By opening up classes to a wider (and more international) audience, schools are beginning to spread their reach far beyond their state. As Halfond puts it in another interview: “Distance learning is also likely to impact the health of some of America’s academic institutions. Most higher education is local, and likely to remain so. […] But the age of regional monopolies is rapidly closing. We are all in each other’s territory now.”
This means schools need to compete to stay afloat. In our current world of inflated tuition costs and skyrocketing student debt, schools that offer quality education and keep it affordable are more likely to succeed in the online revolution.
Those that can’t offer that same open format will most likely fail.
The Crash of the For-Profit School
Very recently the news arrived that ITT Tech, an infamous national for-profit (and non accredited) technical college, would be closing all of its campuses. This news is likely upsetting to all alumni and current students, but is promising news for the end of for-profit universities.
When online education was first being offered, schools like ITT Tech and University of Phoenix capitalized on the older, busy-with-life student who is now benefitting from the online revolution. They noticed this demographic and offered them an alternative, but at a fraction of the quality.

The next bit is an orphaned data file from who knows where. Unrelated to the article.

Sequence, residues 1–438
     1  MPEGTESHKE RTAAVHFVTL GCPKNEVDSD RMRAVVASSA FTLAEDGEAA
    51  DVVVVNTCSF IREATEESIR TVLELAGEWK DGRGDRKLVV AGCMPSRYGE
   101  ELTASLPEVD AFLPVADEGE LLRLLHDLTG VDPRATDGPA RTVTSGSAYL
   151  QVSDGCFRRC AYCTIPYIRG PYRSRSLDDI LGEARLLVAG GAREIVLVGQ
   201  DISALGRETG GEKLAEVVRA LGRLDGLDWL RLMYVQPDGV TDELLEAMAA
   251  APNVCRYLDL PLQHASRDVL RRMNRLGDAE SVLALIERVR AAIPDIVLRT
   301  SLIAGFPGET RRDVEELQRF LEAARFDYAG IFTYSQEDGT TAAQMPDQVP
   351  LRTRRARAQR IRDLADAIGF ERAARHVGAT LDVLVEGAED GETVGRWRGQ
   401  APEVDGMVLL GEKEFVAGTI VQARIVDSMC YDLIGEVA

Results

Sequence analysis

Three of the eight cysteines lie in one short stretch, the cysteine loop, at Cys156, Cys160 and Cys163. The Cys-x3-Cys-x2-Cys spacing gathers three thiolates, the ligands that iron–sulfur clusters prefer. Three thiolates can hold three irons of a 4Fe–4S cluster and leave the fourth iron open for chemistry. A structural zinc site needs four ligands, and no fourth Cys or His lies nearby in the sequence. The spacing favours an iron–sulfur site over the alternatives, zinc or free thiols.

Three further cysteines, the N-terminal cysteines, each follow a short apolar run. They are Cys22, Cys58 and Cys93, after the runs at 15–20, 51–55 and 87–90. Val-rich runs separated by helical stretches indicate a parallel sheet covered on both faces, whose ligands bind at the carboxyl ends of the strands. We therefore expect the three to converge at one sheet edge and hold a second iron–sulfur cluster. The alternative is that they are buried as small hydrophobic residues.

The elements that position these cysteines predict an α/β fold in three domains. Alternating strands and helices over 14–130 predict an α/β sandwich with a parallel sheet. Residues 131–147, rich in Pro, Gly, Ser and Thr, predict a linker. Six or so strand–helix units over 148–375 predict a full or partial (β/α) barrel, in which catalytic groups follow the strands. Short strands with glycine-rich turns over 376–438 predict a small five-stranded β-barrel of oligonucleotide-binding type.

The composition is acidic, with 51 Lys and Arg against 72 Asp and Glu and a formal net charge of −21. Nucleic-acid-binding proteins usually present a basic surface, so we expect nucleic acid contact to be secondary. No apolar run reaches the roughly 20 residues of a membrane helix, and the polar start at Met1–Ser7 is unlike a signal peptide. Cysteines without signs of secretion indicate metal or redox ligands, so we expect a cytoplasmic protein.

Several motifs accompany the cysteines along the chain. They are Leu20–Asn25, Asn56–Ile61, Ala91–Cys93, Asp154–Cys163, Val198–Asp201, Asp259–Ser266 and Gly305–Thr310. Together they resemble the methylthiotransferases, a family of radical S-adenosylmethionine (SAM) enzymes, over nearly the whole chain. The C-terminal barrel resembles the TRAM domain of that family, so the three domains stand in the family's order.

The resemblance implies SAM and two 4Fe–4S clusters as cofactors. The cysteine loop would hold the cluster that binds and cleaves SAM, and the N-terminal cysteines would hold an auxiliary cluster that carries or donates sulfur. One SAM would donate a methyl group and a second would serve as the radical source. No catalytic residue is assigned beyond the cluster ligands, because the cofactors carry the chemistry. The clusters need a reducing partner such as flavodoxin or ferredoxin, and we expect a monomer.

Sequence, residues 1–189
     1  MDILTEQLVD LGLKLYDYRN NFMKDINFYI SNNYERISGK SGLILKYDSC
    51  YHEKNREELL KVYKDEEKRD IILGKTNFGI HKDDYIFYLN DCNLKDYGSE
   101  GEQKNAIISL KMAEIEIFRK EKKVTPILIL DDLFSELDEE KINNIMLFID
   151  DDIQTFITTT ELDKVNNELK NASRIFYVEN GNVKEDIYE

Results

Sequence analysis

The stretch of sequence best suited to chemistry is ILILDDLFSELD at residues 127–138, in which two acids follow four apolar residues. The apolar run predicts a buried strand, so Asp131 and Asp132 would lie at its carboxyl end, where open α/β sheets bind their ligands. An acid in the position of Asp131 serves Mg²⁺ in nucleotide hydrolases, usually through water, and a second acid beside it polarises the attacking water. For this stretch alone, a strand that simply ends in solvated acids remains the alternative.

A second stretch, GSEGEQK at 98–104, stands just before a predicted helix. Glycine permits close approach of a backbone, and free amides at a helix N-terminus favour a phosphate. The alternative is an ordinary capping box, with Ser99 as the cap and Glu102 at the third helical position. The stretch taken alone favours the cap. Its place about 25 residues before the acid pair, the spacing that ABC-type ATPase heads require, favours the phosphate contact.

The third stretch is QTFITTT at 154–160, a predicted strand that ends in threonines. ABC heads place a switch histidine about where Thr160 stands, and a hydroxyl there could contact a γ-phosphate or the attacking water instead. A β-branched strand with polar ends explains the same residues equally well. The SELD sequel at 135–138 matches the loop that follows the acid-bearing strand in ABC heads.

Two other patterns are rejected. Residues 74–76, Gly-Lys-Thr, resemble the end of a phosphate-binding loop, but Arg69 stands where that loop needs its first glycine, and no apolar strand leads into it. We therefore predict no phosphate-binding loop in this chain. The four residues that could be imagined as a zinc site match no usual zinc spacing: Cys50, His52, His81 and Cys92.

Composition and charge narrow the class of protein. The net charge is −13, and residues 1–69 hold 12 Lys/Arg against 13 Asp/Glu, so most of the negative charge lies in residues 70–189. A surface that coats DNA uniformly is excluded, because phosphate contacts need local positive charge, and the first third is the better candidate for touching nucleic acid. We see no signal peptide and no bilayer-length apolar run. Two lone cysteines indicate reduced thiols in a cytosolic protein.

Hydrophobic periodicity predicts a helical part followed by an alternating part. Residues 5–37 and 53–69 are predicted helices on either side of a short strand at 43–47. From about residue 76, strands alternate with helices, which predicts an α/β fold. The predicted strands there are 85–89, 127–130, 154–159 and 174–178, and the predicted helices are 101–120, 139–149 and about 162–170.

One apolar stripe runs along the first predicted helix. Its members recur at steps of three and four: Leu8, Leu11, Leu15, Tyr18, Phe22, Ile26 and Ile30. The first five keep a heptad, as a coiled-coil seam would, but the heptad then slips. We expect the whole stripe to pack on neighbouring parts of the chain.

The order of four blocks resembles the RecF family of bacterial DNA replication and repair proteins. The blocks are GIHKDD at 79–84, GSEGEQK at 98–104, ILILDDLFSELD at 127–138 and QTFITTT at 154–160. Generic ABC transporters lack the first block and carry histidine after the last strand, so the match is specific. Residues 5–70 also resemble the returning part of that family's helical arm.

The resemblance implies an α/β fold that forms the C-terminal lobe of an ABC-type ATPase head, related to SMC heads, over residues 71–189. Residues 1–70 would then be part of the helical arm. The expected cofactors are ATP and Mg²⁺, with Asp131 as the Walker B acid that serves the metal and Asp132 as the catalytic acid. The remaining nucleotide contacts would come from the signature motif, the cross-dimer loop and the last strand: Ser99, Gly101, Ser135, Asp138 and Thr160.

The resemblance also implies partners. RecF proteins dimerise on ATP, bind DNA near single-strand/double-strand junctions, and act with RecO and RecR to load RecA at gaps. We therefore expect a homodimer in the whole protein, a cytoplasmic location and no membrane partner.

Now as more colleges and universities join the fray of online schooling, these students have options that meet their needs and don’t take advantage of their time and money. Everything from a broad undergraduate education, to more niche-specific fields of study is now at the disposal for distance learners; and often with the same tenured professors that they might find on campus.
Unlike the for-profit non-accredited schools that spearheaded the online college market, private schools that offer niche markets are still succeeding within the online realm.
A nursing school in Boston, Regis College, was on the verge of filing for bankruptcy in 2001, but managed to save itself by expanding its graduate programs and opening up its online nursing program. The school, which is a private Catholic school, has now managed to revamp its campus, and is continuing its ongoing international collaboration with nurses in Haiti; a very worthy cause to stay afloat in the college market.
Although these private schools might not be lowering the price tag of the educations offered, it proposes an alternative for those that can afford the option. This also leaves state colleges the option to compete and market to a different audience altogether: that of the middle to lower economic class student.
Online school may have begun with non-accredited for profit schools, often maligned MOOC’s, and recorded video lectures, but it has evolved into a true alternative to the traditional classroom. Its benefits go beyond the potential for continued higher education outside of the ball-and-chain of the classroom, and could provide a solution to the competitive pricing of affordable college.
By itself, accredited online education may not be the sole answer to education reform, but it’s certainly part of the solution.